Once you’ve got all of your stuff together, take off the crayon labels (and you can recycle these because they are paper so be green here kids) and chop up your crayons. They key here is to chop them pretty finely because they sort of melt down if that makes sense, so the smaller you chop them, the more you will be able to get in your molds.
Andrea, doing a stellar job chopping crayons. Then just fill your molds up and pop them in the oven. I usually set the oven to about 350, just because that’s kind of the universal temperature for life and you can even put them in while it’s preheating, just keep an eye on them until all of your crayons are melted, then pull them out and set them on the counter or in the refrigerator to cool. This is super important because you want them to be completely cooled before you try taking your crayons out, especially if you have delicate parts, otherwise your crayons will be more likely to break. With things like the dinosaurs, I’ve had tails, legs, and even necks break, so patience is the key here. Don’t panic if they do break though, you can just stick them back in the mold, re-melt it in the oven, and voila, your previously decapitated brontosaurus now has a head again!
So that’s it, now you guys know how to make awesome crayons, so go forth and produce awesomeness! Okay, clearly I need a new word, awesome is getting a bit stale. The cool thing about this though is that you can do it with kids (you might want to use safety scissors though and supervise them with the oven obviously, or do that for them), you can do it with friends as a quick way to de-stress during finals or something, or just a a fun way to release your inner child. Or you can think I’m a weirdo and need to grow up and not be fascinated by things like dinosaur crayons, it’s your call really, I just thought I’d share that.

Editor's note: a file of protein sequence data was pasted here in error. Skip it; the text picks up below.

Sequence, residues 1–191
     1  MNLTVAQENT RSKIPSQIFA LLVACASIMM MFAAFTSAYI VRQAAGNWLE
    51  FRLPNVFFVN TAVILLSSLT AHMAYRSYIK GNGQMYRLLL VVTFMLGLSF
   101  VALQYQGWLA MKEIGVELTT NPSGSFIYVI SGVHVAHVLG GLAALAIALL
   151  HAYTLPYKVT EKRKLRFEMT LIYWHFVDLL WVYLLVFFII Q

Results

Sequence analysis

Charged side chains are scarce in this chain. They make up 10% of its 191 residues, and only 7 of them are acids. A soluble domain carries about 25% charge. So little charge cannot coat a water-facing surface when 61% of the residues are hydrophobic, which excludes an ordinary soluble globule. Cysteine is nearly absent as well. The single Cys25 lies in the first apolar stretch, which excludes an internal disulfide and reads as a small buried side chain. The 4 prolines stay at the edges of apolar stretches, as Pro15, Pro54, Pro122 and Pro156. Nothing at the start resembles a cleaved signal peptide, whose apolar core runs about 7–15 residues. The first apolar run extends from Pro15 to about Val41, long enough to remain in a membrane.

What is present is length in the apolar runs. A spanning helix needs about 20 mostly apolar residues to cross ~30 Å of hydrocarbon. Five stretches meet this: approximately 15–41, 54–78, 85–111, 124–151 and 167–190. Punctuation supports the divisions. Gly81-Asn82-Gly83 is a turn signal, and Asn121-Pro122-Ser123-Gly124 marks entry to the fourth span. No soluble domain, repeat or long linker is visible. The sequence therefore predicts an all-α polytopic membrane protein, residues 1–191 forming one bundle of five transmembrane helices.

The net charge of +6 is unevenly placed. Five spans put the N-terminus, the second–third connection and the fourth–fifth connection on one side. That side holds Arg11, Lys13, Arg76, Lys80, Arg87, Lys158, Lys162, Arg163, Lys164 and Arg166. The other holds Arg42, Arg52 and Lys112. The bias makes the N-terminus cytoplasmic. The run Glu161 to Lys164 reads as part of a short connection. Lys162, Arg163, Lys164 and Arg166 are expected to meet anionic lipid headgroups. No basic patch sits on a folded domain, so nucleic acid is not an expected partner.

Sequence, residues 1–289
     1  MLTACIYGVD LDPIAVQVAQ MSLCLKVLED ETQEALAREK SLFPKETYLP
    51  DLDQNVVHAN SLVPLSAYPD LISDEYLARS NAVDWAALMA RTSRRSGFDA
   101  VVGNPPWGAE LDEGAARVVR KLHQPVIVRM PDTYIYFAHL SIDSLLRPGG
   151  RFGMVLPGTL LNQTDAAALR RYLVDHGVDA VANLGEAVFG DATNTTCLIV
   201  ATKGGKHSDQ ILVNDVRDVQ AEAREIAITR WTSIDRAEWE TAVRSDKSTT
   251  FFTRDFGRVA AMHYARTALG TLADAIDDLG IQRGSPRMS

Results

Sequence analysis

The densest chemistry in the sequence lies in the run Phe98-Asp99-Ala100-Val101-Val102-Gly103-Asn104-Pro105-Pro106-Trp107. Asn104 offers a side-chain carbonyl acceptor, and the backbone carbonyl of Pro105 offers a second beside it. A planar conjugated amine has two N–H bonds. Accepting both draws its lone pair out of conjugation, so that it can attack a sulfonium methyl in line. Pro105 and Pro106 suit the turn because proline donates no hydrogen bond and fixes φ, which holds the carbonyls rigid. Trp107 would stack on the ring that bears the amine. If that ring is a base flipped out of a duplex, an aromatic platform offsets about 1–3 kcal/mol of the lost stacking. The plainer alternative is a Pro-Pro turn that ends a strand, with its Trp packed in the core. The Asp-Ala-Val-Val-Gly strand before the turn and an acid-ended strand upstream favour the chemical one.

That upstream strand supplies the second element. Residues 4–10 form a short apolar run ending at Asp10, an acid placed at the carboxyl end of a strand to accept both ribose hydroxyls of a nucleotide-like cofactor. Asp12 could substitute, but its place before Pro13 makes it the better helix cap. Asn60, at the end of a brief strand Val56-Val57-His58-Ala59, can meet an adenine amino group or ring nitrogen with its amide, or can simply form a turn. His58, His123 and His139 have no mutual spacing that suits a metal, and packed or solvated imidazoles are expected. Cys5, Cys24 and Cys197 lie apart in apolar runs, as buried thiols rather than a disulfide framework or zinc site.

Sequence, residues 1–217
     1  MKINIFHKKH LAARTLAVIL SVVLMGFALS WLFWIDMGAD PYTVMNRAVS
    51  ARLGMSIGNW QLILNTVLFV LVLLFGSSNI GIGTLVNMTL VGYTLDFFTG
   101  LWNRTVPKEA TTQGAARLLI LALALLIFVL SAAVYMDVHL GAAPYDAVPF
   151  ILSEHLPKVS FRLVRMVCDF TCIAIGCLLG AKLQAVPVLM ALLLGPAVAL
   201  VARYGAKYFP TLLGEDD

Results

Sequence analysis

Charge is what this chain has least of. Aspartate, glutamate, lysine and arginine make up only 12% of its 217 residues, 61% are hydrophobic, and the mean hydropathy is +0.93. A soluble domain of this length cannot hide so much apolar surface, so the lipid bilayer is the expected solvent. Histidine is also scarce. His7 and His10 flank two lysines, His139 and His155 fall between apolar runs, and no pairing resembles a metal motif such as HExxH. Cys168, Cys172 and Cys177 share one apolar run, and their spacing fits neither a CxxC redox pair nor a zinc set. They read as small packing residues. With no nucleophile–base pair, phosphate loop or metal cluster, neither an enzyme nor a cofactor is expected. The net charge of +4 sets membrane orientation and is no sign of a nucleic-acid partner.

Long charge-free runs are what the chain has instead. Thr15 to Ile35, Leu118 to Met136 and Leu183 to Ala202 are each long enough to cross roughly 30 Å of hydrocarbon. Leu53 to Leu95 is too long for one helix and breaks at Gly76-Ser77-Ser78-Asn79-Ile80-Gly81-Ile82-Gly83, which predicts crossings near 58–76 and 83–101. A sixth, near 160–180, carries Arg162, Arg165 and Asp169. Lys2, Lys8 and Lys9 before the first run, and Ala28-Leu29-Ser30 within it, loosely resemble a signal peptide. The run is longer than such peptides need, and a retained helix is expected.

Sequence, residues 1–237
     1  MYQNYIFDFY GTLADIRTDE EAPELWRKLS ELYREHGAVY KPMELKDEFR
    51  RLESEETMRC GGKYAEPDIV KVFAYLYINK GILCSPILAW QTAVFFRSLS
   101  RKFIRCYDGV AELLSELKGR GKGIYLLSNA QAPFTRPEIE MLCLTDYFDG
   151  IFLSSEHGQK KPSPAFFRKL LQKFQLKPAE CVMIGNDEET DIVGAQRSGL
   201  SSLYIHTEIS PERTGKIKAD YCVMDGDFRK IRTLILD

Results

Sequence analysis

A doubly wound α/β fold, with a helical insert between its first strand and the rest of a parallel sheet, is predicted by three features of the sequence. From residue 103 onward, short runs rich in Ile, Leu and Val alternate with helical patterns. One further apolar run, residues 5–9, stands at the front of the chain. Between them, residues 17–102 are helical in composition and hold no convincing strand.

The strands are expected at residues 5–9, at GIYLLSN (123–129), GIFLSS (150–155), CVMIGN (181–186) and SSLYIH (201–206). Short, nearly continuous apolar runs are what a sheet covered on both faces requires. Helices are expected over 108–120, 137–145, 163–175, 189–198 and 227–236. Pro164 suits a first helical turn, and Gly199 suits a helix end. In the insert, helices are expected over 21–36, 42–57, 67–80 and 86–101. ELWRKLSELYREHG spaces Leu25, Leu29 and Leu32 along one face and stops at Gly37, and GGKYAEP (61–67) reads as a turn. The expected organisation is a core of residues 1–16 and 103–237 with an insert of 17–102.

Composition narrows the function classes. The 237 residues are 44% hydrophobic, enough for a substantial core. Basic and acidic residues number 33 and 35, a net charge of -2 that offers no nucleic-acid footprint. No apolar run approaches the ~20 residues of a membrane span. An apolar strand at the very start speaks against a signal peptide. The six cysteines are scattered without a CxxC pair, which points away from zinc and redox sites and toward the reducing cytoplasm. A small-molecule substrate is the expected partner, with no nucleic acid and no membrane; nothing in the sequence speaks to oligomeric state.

The stegasauri are the only ones who can stand – the brontosauri almost can, but their heads are too big so they kind of tip over on them.
Poor little brontosaurus is too top-heavy to stand up!
In other news, I’m excited to announce that I think my etsy could possibly be up and running sometime within the next few weeks to a month-ish. Or this is just my way of trying to set a deadline for myself, but really I’m getting work done on products and I even have a good name picked out, so now I just need to do things like keep making stuff obviously, set up my page, and get things like shipping supplies so that I’m all ready to set up shop. It’s a pretty exciting prospect to think that this is actually definitely happening, so I’m jazzed about it.
I also might be re-organizing my blog a little to have sections for things like artwork, crafts, and shop-related stuff, so look out for some changes coming up in the future. Because I totally don’t have things like classes, homework, and tests to worry about or anything. Ahh, whatever, I can juggle it all, having a lot on my plate isn’t actually a bad thing all the time.